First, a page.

Stage entertainments exist, but are extremely amateurish. We went to the Northern Lights show and sat through a song-and-dance presentation that featured some good voices, some mediocre choreography, and content that was downright offensive. My Canadian mother did not care for the slapstick presentation of the Mounties as buffoons, and as a bi person I see no point in calling public attention to my orientation. Nearly half of the songs were thinly disguised gay anthems. I like "True Colors" well enough, and it's a lovely song in its own right, but Monty Python's lumberjack song and Queen's "Don't Stop Me" both have lyrics that the performers elected to not sing, because of the second verse. If you're going to do a gay anthem, then do it and own it. Don't sneak it in and try to be cute about it, like we're all part of some inside joke. That got old with the Village People's "Don't Stop The Music" movie.

The musicians were very skilled, especially the classical duo that performed in the Explorer Lounge every night. That became our favorite hangout in the evening, because we were able to have a drink and a conversation without being interrupted, bumped into, or having to stand in line. The classical performers understood the basic reality of playing background music: the idea is to not drown out everything else. In all the other lounges, the volume of the music was set far too high to allow conversation. Result: people who wanted to socialize mostly left.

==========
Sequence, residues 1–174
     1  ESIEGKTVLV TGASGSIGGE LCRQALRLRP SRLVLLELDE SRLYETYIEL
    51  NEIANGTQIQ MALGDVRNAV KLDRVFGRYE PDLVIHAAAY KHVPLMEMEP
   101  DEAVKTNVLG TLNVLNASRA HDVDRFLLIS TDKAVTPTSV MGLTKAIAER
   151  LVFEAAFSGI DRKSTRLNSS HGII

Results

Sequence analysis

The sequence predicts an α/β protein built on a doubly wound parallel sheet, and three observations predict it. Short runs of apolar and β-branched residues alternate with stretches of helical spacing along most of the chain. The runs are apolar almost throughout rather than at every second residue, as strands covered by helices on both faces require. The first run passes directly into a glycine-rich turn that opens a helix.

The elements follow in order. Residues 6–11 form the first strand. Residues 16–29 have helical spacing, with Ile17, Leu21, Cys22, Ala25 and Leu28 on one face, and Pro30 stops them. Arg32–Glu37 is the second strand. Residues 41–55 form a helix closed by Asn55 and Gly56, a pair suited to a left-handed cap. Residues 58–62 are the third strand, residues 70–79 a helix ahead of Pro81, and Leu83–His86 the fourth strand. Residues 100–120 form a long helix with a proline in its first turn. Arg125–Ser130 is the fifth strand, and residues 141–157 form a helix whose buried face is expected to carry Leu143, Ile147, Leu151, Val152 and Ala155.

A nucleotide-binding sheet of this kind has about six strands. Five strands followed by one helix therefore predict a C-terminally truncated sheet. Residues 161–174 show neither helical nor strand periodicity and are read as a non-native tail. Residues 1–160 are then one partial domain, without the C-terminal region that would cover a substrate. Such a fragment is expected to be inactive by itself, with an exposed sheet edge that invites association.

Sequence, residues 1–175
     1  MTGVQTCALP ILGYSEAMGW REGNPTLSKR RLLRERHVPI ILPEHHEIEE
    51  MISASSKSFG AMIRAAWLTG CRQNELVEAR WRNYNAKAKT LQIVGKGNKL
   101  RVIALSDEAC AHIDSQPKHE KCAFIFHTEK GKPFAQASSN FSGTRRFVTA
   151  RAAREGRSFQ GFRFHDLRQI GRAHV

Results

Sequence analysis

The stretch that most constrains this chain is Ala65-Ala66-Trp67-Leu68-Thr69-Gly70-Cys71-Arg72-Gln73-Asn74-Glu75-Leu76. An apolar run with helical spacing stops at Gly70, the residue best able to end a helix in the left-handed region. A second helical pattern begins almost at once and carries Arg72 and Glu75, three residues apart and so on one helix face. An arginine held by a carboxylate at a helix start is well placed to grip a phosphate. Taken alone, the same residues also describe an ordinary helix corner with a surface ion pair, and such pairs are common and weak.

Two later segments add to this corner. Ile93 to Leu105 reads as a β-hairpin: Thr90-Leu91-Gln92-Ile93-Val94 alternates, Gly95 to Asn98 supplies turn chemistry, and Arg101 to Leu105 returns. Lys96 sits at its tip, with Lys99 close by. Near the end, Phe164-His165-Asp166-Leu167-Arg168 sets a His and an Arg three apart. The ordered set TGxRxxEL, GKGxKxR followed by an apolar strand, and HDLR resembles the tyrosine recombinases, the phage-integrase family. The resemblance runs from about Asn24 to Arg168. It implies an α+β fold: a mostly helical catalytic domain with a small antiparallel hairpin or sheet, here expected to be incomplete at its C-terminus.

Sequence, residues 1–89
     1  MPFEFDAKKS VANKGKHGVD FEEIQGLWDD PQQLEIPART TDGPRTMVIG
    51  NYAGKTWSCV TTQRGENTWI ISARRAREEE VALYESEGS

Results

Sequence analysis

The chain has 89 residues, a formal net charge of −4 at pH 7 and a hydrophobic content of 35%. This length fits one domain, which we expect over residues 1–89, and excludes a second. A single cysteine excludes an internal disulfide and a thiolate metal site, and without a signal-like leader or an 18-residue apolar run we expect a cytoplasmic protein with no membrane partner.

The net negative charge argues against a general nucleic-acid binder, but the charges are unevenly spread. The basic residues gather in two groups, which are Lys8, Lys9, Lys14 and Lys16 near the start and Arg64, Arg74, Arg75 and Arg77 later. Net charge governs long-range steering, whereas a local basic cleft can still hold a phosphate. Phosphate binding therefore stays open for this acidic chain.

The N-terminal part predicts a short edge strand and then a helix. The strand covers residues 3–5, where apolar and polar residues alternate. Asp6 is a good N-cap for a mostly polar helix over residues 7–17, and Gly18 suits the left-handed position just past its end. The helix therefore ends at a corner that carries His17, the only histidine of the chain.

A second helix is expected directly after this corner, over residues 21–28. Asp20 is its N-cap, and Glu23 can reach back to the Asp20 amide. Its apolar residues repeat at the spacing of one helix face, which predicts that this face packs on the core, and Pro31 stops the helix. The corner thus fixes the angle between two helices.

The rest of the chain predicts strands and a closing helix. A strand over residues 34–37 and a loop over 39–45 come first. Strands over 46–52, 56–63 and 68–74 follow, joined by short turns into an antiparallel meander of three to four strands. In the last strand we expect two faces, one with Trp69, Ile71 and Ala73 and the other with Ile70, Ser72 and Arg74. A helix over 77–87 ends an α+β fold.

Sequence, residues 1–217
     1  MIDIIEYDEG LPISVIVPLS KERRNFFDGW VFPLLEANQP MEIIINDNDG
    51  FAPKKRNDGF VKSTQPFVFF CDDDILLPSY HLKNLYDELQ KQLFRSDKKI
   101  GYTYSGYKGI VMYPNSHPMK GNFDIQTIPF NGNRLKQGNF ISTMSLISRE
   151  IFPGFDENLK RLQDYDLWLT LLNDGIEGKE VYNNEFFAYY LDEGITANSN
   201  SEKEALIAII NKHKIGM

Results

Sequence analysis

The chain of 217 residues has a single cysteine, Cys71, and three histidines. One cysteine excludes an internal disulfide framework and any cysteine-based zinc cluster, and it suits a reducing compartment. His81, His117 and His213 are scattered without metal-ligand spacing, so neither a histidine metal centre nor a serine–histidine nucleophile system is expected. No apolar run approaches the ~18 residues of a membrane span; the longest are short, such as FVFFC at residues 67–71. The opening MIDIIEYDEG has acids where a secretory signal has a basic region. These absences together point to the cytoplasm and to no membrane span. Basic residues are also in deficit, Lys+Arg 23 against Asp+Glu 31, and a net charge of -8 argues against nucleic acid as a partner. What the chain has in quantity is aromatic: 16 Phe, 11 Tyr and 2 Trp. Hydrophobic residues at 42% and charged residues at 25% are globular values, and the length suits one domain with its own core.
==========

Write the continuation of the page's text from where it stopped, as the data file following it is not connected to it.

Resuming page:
One stage show that can't be missed is a late-night presentation by the Filipino crew. They do some traditional dances and songs from their home, and some of the people you see serving your drinks or working at the front desk are extremely talented. To be honest, they out-performed the professionals. I'd have liked to have seen them earlier in the evening, when more people could attend, instead of at 11 PM. These folks, who rehearse entirely on their own time, received a well earned standing ovation.